There is a huge difference between a host key and a user key. These consumer devices all share the same host key, which is only used by the client to verify that the host you're connecting to is the host you think you're connecting to. This is the key in /etc/ssh/ssh_host_rsa_key for those with access to a Linux shell, and is never encrypted or password protected. How do I know this? Because there's no way to determine what user keys are in a host's authorized_keys file with just an unauthenticated connection. However, when a client connects, the server always sends the host's public key along with a challenge signed by the host's private key.

The host key is only ever used for authentication, never for authorization, which is to say it identifies the server you're connecting to, but in no way grants any privilege to access it. The only risk here that I can think of is a MITM attack. Since the host key is well known, someone could fiddle with your DNS or local ARP tables and make a victim connect to their evil server without the scary "MAY HAVE BEEN COMPROMISED!!!" warning you get when the destination host key doesn't match what's in the known_hosts file.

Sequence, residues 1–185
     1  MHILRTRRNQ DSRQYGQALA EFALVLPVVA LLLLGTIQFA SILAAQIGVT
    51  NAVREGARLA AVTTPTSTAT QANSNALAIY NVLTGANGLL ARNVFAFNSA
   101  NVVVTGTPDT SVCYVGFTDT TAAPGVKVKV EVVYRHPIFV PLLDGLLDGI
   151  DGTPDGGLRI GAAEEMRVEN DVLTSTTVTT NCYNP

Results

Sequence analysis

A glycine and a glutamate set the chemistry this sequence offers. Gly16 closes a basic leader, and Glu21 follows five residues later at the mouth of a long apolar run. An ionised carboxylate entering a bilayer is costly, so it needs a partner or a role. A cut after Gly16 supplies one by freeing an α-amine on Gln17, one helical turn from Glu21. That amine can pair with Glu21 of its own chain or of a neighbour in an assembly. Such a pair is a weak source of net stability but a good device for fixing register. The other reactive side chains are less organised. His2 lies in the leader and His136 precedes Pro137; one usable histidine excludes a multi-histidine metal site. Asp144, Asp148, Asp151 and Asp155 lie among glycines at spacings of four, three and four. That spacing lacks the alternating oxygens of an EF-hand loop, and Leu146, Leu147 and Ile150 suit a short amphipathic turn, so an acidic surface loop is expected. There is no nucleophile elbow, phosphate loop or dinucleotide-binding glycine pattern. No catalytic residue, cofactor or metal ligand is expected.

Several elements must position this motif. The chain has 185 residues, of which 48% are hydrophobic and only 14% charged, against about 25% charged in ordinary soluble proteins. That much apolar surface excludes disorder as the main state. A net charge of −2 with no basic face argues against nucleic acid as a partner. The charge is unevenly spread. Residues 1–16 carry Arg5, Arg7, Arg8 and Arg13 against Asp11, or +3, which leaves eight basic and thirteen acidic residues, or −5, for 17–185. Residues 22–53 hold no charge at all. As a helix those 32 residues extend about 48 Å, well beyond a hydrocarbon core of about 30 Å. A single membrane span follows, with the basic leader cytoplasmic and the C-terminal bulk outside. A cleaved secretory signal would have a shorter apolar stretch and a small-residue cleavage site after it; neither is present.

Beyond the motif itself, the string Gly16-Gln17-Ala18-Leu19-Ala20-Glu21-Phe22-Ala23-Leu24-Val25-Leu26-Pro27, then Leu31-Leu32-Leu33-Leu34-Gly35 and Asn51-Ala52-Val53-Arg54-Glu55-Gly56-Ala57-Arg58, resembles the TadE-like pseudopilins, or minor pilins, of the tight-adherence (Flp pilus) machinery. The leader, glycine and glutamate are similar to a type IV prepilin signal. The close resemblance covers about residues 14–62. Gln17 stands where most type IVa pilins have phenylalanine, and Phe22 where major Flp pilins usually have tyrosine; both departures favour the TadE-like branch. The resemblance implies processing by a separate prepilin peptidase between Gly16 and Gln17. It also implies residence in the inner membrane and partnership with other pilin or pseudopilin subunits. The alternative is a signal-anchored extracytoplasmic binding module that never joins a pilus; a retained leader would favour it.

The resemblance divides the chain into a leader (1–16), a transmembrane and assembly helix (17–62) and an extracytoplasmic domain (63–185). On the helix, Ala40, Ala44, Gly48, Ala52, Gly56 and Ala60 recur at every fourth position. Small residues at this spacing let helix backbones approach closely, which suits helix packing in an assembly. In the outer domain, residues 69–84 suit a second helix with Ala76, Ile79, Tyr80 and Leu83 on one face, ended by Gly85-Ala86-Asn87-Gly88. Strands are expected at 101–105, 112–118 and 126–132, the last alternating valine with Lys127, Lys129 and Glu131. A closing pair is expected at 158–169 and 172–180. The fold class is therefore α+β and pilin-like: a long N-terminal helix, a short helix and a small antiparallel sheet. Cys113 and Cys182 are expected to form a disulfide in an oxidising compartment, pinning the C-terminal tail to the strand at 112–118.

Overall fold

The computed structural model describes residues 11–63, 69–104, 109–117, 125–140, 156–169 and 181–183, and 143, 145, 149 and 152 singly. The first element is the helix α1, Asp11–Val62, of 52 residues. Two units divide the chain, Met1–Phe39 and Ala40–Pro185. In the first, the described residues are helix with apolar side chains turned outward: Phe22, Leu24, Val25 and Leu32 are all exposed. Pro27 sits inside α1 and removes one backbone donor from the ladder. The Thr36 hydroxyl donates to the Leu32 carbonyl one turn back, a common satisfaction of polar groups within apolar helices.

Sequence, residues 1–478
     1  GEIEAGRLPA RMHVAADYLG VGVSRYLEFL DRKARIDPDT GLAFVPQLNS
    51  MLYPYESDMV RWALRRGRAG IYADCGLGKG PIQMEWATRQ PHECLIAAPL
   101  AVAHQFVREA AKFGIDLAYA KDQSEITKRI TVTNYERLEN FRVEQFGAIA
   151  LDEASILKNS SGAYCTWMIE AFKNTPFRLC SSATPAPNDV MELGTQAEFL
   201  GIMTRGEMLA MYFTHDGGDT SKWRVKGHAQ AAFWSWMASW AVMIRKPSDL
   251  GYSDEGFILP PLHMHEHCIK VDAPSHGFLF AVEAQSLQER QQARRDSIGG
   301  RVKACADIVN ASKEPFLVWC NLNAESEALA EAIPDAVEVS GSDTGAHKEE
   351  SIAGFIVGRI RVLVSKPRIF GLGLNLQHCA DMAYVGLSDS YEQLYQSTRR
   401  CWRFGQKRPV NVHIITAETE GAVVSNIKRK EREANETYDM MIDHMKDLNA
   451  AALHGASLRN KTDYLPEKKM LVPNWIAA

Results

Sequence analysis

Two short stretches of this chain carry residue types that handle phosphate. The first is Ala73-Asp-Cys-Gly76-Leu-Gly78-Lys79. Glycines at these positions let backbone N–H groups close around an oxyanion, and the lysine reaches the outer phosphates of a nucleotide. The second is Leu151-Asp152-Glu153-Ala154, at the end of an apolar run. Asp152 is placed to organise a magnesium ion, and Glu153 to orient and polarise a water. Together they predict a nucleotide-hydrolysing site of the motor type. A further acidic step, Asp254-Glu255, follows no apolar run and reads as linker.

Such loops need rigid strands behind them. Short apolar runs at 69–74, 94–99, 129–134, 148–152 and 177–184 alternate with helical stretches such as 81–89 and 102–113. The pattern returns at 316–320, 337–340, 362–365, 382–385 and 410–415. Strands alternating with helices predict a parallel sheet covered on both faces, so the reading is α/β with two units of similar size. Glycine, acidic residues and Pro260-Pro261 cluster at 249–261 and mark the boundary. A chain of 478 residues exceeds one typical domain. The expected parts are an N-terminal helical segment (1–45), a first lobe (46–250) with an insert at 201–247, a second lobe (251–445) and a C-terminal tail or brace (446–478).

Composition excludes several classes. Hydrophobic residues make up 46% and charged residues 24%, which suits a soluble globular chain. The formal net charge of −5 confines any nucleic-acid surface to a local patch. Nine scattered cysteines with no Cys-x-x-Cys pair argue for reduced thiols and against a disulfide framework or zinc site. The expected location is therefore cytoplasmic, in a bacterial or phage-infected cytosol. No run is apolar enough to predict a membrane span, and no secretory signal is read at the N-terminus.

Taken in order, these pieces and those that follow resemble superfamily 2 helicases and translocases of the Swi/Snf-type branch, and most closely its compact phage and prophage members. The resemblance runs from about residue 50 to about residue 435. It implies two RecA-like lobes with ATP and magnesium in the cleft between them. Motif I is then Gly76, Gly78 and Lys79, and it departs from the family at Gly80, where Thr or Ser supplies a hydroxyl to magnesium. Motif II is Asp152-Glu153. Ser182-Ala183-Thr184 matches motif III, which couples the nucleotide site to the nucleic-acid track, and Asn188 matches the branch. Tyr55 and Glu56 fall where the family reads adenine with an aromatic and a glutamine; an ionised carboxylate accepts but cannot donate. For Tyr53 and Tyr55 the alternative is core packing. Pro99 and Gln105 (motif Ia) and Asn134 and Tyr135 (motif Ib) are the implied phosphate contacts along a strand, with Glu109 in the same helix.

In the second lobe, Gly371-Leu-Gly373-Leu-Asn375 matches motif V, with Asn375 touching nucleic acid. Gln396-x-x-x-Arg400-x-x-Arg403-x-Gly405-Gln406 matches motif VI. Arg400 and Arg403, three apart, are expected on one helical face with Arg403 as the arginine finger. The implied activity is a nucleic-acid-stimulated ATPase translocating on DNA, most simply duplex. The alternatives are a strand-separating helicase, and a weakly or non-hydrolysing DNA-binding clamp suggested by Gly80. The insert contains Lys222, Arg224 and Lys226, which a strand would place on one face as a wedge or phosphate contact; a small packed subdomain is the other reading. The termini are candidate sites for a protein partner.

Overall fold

If someone can paint a more frightening scenario (based on known host keys, not user keys), I'd like to hear it. If you don't understand the difference, don't bother trying.

Comment That sounds cheap (Score 2) 38

I'm sure it's commercially viable, easy and cheap to do. We'll see this in real world applications in about 2 years if all goes well.


But good luck with it. This is the kind of breakthrough that may one day lead to viable quantum computers, teleportation, and other things that are relegated to the SyFy channel for now.

Whoever dies with the most toys wins.